Health Tech, Providers

Experts Aren’t Surprised About Optum Closing Its Virtual Care Business

Optum is shutting down its virtual care unit after a three-year run. Industry experts agree that the closure reflects broader trends in the telehealth market, in which saturation and differentiation challenges are leading some providers to struggle.

Optum is shutting down its virtual care business after a three-year run. Industry experts aren’t very surprised by the news.

Healthcare leaders agree that this closure reflects broader trends in the telehealth market, in which saturation and differentiation challenges are leading some providers to struggle. In the future, experts believe the most successful virtual care companies will be those that provide personalized patient experiences and focus on niche community needs — as well as those that adapt to a hybrid model of care rather than relying solely on virtual.

What happened?

Optum’s virtual care unit offers virtual urgent and primary care visits and prescription refills across all 50 states. Optum, which is owned by UnitedHealth Group, founded its virtual care business in April 2021 — when pandemic restrictions were still prevalent and telehealth enthusiasm levels were high.

Former Amazon executive Kristi Henderson served as CEO of the virtual care unit until last June, when she departed to take over as CEO of musculoskeletal care provider Confluent Health.

News of the unit’s closure first emerged last week when Optum employees began posting on social media about layoffs at the company. Optum confirmed the news in a Tuesday email to MedCity News.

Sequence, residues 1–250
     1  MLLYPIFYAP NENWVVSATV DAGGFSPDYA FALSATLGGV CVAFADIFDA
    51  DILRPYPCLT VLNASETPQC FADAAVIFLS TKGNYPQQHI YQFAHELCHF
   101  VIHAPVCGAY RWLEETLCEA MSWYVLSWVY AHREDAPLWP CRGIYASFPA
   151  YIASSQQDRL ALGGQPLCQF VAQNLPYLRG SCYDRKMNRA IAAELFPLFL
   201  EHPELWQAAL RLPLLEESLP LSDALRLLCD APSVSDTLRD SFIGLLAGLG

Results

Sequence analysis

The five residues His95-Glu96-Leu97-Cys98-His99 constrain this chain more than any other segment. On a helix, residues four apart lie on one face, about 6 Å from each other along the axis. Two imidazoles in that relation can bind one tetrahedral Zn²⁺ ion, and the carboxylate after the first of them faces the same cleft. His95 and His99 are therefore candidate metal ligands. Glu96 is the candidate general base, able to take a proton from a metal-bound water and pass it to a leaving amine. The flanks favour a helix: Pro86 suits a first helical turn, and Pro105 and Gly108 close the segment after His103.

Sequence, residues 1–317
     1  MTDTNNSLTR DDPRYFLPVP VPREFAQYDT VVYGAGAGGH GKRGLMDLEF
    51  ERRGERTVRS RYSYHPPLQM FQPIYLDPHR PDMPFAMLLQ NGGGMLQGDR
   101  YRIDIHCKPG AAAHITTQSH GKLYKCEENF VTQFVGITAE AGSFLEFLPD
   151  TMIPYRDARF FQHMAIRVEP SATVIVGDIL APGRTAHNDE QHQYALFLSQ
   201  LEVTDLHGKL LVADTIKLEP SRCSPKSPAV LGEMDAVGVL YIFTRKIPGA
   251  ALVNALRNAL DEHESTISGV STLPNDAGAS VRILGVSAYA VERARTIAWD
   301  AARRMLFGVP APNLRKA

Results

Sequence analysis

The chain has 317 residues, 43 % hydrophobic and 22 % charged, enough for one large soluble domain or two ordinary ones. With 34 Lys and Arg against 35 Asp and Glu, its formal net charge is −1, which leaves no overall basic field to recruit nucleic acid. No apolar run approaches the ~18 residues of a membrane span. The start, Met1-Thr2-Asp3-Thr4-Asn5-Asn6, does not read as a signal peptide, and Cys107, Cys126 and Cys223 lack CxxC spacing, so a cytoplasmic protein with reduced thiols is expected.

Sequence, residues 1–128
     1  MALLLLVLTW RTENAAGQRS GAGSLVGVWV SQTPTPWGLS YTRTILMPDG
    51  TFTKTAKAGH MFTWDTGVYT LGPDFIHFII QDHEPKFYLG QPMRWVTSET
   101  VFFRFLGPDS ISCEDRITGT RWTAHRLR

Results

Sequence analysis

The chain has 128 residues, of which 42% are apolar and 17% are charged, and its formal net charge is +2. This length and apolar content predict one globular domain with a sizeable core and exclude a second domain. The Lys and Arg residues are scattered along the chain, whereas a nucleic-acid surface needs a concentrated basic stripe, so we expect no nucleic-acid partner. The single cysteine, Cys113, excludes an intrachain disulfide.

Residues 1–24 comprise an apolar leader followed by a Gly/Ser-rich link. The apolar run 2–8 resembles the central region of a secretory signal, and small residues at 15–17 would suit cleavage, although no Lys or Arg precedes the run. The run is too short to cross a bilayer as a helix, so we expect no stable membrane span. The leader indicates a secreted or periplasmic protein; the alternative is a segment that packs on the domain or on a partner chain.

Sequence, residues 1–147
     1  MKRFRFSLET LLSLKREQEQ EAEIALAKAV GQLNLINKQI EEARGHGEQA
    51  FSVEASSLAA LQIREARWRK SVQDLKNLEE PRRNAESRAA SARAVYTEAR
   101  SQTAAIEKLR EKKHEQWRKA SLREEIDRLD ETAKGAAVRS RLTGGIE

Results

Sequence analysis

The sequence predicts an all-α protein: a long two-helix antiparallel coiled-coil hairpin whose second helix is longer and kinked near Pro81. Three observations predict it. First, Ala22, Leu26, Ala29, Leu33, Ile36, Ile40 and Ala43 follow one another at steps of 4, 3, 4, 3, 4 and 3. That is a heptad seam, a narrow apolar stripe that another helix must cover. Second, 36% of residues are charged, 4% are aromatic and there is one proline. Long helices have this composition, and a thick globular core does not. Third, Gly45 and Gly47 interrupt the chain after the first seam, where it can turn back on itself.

An Optum spokesperson wrote that virtual care “has been and will continue to be a core part” of the company’s integrated care delivery model.

“As an enterprise, we are committed to providing patients with a robust network of providers for virtual urgent, primary and specialty care options. We continually review the capabilities and services we offer to meet the growing and evolving needs of our businesses and the people we serve. As always, we will support affected team members with job placement resources and seek to deploy them where possible to any open roles within the company,” the spokesperson wrote.

At UnitedHealth Group’s investor conference last November, Optum Health CEO Amar Desai declared that Optum has nearly 90,000 employed or affiliated physicians, as well as another 40,000 advanced practice clinicians. Optum has not disclosed how many of these healthcare workers will be affected by the shutdown.

Has the telehealth hype worn off?

Health systems’ data shows that virtual visit volume has been decreasing since 2021, and market research reports released the past couple years have predicted the trouble in the telehealth space.

For example, a Trilliant Health report from August showed that the telehealth market is becoming oversaturated, making it harder for companies to stand out. Essentially, the boom of telehealth providers that came in 2020 and 2021 was a result of pandemic-era forced telehealth adoption — and now the market has to pick up the pieces, the report said.

Sanjula Jain — author of the report and Trilliant’s chief research officer — said that Optum’s decision to shutter its virtual care business comes as no surprise.

“The data suggests that virtual care is used by a niche segment of the population and within that small population, nearly half of users only used it once,” she said. “Moreover, more than 60% of telehealth visits were for behavioral health-related reasons with a small proportion of utilization attributed to primary care services.”

Jain also said it’s important to note that 30% of non-behavioral health virtual visits result in the patient needing to schedule a follow-up in-person visit for the same reason, which suggests a degree of service duplication or friction. 

When considering these data points in tandem with the fact that employers are questioning the value that virtual care services are providing to their workers, it is “no surprise that Optum was likely struggling to generate a return on their investments in virtual care,” she declared.